Chuck Jones, one of many creative minds behind the classic Looney Tunes cartoons, learned to read at the tender age of three. He was taught by his father, a struggling entrepreneur, who saw reading as an easy form of childcare: the son would occupy himself with a book while the father went off chasing yet another dubious get-rich-quick scheme. Before Jones was out of short pants, he was reading Roughing It, by Mark Twain. Seared into his precocious young mind was Twain’s description of the coyotes that prowled across America’s fading frontier: “The coyote is a living, breathing allegory of Want…. He is so spiritless and cowardly that even while his exposed teeth are pretending a threat, the rest of his face is apologizing for it.”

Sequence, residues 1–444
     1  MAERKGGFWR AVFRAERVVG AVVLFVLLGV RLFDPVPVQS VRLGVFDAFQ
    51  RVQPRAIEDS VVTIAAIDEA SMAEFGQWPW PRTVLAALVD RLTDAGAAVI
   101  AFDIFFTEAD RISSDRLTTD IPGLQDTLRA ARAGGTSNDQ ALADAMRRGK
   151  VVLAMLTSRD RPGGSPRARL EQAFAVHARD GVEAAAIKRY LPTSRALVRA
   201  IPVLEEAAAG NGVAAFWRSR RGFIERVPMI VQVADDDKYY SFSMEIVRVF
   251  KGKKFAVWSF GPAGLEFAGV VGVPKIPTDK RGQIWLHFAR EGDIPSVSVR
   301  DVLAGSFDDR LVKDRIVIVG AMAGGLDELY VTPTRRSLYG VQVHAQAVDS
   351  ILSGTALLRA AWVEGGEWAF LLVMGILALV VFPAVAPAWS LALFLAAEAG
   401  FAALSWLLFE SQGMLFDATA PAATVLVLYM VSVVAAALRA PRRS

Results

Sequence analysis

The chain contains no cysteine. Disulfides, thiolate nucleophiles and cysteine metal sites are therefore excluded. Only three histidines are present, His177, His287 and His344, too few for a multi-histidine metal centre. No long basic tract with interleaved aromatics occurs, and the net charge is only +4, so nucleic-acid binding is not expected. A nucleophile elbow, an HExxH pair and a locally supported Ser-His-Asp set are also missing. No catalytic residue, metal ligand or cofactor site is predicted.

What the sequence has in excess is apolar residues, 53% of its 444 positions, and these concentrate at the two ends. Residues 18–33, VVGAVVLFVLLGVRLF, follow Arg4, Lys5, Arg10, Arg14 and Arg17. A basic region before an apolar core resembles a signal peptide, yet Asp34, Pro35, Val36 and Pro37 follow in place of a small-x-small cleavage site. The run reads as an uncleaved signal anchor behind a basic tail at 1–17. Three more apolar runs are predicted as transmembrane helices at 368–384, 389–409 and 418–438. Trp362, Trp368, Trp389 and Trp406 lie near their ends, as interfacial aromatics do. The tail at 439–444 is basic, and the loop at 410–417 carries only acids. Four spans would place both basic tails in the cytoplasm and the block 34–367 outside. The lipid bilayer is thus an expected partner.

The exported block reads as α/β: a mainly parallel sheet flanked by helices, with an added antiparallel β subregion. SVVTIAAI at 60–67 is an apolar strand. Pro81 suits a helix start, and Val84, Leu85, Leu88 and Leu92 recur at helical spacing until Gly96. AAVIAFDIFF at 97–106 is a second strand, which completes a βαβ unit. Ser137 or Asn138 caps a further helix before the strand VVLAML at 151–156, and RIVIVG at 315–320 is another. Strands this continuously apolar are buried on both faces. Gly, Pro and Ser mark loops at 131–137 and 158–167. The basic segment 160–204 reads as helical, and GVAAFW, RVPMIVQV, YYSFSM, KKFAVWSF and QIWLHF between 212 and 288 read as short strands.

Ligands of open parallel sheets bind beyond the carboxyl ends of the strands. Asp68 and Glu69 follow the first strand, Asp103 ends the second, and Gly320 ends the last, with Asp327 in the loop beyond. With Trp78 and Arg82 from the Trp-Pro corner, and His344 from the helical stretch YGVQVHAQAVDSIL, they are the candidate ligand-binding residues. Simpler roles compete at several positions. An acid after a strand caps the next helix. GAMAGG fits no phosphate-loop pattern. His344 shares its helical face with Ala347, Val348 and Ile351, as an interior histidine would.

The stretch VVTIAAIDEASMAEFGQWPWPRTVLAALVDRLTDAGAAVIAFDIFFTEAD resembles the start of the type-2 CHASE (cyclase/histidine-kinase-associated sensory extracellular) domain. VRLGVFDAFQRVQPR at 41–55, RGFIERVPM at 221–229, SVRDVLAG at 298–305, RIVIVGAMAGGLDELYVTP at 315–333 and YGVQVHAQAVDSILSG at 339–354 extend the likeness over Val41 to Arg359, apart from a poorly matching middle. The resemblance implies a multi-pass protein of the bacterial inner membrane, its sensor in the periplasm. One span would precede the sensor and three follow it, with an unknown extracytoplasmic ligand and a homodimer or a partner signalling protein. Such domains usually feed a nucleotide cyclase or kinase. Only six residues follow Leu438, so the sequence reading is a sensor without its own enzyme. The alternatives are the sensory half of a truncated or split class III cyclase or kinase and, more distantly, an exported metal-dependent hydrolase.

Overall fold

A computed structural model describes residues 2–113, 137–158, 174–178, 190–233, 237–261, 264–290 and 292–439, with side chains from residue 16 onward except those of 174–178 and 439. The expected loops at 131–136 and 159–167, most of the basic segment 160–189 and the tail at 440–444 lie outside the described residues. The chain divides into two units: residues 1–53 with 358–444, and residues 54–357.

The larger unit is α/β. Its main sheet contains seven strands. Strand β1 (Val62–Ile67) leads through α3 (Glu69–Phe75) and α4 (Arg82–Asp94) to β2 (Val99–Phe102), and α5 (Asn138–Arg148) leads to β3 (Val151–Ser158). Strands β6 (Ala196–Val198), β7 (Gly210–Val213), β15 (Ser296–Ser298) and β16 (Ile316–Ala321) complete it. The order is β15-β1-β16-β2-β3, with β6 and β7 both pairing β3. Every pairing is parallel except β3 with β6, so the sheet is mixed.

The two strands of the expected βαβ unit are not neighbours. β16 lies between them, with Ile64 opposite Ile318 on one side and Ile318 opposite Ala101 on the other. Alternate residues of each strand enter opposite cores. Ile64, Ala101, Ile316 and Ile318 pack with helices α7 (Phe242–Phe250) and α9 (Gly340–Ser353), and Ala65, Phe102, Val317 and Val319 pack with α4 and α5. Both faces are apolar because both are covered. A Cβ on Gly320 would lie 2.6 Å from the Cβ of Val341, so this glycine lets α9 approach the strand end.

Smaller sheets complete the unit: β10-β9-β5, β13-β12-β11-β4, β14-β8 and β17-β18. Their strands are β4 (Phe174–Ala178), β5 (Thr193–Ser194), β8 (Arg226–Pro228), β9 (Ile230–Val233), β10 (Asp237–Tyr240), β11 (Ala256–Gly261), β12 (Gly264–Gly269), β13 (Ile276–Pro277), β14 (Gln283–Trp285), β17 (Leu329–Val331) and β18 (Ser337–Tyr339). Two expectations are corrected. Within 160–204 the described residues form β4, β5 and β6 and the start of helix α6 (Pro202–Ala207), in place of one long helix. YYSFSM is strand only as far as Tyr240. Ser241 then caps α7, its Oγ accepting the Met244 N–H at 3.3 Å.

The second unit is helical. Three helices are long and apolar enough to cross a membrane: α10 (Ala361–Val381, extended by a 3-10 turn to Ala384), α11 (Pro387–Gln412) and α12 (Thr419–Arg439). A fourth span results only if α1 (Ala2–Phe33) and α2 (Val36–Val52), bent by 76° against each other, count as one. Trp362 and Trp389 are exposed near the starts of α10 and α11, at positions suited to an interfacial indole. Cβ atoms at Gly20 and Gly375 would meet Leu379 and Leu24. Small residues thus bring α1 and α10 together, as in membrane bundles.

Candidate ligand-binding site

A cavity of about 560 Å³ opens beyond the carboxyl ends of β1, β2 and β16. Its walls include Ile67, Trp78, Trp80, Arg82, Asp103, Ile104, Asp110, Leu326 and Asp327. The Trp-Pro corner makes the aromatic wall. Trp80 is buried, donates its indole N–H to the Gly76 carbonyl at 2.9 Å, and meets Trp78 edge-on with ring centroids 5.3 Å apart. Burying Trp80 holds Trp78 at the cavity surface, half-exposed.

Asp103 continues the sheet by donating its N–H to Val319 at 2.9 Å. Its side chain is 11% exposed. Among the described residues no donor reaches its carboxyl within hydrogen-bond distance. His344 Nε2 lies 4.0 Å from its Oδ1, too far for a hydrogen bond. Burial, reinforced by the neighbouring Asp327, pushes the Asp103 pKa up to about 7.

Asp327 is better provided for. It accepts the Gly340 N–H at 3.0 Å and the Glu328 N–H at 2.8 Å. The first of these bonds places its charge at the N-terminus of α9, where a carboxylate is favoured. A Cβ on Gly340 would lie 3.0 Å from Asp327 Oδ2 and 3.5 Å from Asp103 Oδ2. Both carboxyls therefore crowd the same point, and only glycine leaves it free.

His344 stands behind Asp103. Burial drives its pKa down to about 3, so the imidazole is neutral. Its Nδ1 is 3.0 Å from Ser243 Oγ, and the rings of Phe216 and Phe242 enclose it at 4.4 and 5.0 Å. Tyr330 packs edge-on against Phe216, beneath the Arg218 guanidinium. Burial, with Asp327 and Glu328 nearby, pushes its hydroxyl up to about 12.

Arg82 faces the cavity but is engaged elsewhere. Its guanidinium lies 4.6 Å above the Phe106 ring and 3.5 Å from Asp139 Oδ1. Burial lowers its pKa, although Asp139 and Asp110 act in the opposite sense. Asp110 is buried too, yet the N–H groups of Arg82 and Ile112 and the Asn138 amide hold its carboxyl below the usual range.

Some 30 years later, in the late 1940s, Twain’s description was still stowed away in Jones’s brain when he and the writer Michael Maltese set out to create the Wile E. Coyote and Road Runner cartoons.